By far, Thanksgiving is my favorite holiday. I love that the only thing you're pressured to buy is food, and the only thing you're supposed to do is be thankful (well, other than cook). No gifting, no stuffing candy in plastic eggs, no singing, no pine needles in the carpet. Just the F's: food, family, and friends.
But now we can add some additional letters to the holiday: M-R-S-A, as in methicillin-resistant Staphylococcus aureus. And MRSA is bad stuff. Because not only is the problematic bacteria that causes staph infections resistant to the antibiotic methicillin, it is becoming resistant to other antibiotics and it is showing up in more and more places. It left the realm of hospitals long ago, and now is common in locker rooms and sporting fields, and unfortunately, it is all over our food.
I've written about this issue before, but not since last year. By all accounts, the situation is becoming more grim, with more types of supermarket meat containing drug-resistant Staph. Originally limited to pork products, these superbugs have been found also in beef, chicken, and, just in time for Thanksgiving, turkey. Other strains of Staph aureus on meat have shown resistance to other antibiotics, including tetracycline (TRSA?). Maryn McKenna, over at Wired.com, follows this issue closely and keeps us updated on the decided lack of progress in addressing it. Here is her most recent report on the topic.
What can you do to reduce your risk of being exposed or infected by MRSA or other superbugs from your meats? Well, I think a reasonable approach is to treat your kitchen like it is a laboratory.
When you work in a lab, there are standard practices to avoid contamination and keep your samples sterile. While most home cooks will not keep a squirt bottle of ethanol handy to wipe down their stainless steel surfaces or work under a negative-flow ventilation hood, there are consumer-friendly practices to maintain a clean work environment in your kitchen and not spread bacteria that may be on your pre-cooked food to your work surfaces where it can then contaminate other foods.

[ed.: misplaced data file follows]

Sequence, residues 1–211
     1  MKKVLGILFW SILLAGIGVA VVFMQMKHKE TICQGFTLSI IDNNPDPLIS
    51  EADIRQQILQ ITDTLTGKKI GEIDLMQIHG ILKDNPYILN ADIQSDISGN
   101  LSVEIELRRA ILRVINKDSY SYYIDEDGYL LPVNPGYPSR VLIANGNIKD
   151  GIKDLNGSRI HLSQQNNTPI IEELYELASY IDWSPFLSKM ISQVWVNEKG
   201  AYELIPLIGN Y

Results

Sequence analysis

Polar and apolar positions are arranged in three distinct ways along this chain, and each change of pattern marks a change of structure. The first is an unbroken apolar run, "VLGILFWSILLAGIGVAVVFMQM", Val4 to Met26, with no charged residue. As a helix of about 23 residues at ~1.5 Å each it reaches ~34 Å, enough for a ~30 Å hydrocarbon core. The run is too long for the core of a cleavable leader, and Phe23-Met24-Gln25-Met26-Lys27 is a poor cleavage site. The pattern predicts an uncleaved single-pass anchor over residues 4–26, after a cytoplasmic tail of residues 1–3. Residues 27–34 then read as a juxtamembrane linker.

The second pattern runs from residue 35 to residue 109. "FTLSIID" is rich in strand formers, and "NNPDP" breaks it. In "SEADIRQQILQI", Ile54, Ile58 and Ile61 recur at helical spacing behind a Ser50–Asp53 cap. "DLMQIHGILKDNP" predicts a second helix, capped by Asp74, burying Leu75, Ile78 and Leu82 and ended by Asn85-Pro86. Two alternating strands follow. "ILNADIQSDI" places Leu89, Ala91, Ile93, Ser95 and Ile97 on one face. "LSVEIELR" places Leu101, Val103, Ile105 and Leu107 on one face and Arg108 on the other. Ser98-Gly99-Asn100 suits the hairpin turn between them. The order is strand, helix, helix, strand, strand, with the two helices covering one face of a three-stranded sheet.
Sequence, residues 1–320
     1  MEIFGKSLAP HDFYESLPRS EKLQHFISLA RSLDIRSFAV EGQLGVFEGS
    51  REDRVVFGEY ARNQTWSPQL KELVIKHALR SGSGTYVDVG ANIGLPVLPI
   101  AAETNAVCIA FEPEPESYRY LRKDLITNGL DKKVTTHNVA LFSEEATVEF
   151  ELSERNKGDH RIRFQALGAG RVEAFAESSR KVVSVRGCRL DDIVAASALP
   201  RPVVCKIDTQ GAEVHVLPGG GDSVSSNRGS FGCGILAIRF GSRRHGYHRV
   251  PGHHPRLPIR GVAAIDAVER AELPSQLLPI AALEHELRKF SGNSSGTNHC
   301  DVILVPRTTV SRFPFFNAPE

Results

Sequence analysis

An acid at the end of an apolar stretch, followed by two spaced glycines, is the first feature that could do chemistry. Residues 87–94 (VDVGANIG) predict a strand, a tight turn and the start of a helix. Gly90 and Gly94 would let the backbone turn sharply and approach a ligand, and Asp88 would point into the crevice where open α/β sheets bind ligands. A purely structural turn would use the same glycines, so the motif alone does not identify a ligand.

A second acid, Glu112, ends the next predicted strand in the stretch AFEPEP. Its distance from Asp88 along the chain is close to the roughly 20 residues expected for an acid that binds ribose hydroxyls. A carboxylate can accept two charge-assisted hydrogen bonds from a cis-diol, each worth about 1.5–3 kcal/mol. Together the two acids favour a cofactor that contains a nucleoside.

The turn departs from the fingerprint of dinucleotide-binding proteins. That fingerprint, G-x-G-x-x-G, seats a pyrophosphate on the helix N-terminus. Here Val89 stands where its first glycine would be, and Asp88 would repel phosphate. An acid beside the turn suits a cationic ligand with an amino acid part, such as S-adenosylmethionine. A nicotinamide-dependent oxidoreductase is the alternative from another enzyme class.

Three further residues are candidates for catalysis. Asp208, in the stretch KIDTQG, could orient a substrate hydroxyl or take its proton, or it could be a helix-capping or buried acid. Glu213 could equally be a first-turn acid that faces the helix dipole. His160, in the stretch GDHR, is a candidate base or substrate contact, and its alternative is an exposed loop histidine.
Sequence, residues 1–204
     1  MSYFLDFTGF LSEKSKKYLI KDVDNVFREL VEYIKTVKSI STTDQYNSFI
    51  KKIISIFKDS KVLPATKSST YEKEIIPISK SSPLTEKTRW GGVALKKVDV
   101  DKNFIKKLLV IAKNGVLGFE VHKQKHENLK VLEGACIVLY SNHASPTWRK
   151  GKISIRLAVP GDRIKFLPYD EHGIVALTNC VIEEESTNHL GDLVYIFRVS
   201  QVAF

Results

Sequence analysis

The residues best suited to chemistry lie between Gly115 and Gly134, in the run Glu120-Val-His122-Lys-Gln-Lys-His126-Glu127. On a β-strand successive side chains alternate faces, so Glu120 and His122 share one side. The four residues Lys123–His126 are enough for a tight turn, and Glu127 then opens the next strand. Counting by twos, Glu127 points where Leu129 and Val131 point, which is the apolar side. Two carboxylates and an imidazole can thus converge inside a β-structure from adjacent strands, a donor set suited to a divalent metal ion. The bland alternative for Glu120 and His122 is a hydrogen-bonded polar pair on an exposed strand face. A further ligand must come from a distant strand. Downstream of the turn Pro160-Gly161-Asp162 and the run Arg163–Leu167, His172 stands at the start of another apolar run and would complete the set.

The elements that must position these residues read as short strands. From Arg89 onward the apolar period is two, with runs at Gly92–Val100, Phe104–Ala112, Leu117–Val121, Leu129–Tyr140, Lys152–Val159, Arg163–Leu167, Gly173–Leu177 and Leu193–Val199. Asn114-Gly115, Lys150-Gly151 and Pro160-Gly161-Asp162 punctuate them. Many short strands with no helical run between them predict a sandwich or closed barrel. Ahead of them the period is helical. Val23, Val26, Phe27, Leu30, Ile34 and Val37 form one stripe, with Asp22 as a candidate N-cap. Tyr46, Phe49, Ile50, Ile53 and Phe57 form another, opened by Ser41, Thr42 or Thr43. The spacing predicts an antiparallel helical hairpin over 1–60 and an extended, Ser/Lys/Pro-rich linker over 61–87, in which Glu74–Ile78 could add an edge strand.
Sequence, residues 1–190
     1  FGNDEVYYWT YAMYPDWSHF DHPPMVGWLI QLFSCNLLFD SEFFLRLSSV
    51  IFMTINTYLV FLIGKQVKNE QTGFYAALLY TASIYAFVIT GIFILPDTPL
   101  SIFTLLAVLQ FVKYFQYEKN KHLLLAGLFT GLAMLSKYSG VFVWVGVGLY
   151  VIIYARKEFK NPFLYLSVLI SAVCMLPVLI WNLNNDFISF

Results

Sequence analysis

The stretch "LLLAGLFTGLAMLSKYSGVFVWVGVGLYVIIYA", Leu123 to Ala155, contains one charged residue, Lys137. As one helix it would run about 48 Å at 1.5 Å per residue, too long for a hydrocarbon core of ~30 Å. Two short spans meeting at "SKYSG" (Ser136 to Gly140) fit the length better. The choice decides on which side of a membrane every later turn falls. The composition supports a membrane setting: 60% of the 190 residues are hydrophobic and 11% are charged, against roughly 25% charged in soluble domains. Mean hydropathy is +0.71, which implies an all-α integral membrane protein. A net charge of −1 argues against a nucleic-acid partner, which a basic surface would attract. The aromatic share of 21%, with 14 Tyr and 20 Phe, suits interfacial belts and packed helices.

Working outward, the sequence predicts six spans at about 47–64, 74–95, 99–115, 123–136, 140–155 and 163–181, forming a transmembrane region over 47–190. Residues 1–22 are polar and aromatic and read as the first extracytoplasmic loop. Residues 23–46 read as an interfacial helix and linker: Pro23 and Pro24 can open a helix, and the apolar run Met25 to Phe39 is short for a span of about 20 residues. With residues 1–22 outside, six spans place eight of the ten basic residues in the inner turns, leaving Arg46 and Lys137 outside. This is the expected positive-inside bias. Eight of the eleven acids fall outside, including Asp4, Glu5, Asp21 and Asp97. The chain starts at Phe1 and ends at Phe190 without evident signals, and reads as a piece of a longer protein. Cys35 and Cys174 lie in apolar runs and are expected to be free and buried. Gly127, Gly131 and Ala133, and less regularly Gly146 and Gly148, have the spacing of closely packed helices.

As always, the first line of defense is prevention. Try not to bring MRSA-tainted meat into your home in the first place. That means buying meat derived from animals that were raised organically. They will not have have been fed antibiotics without reason and have a far lesser chance of harboring antibiotic-resistant bacteria.
Even mass-produced meats can be handled safely with a few extra precautions. For example, purchase a non-porous (that means no wood) cutting board specifically for meat. This board comes out only for meat and is put in the dishwasher immediately after meat is prepared on it. If you don't have a dishwasher, boil water and use that along with dishwashing soap to clean the board after use. The water has to be super hot in order to sterilize the surface. Same with the utensils you used to prep the meat.
Before you begin working with the meat, you may want to consider how to turn on your water with your elbow, or turn it on before you start working with the meat so you will not have to touch the handles (visualize surgeons scrubbing down and going into the operating room with their hands parallel to their bodies and pushing open doors with their bodies, etc). Handles are petri dishes for germs.
After you work with the meat and put the cutting board away, wipe down your counters with hot soapy water or a disinfectant, using a sponge dedicated for this purpose or disposable paper towels or wipes. Microwave the sponge, or put it in the dishwasher, after you have used it.
Then, wash you hands with soap and hot water. If you have cuts on your hands or fingers, or if your hands are dry enough to have cracked skin, consider wearing gloves when you handle meat. Bacteria living on the surface of your skin may not be a problem (except for spreading it around), but bacteria entering your body through a cut can be a whole different story.
Cooking foods properly will kill MRSA and other bacteria, so make sure the big holiday turkey is completely done before you take it out of the oven. And, I'd think twice about cooking stuffing inside the bird. There have always been concerns that the moist stuffing inside the bird is a breeding ground for bacteria, but now that bacteria is so much more dangerous, I just wouldn't go there.
What I've just outlined is merely an amping up of common-sense kitchen rules. But because of our overall lack of education in food preparation, I rarely see people practice them. If you do them diligently, they'll go a long way toward lowering your risk of contaminating your food with all sorts of food-borne bacteria, not just MRSA.
So Happy Thanksgiving! Be safe and enjoy this meaningful US holiday.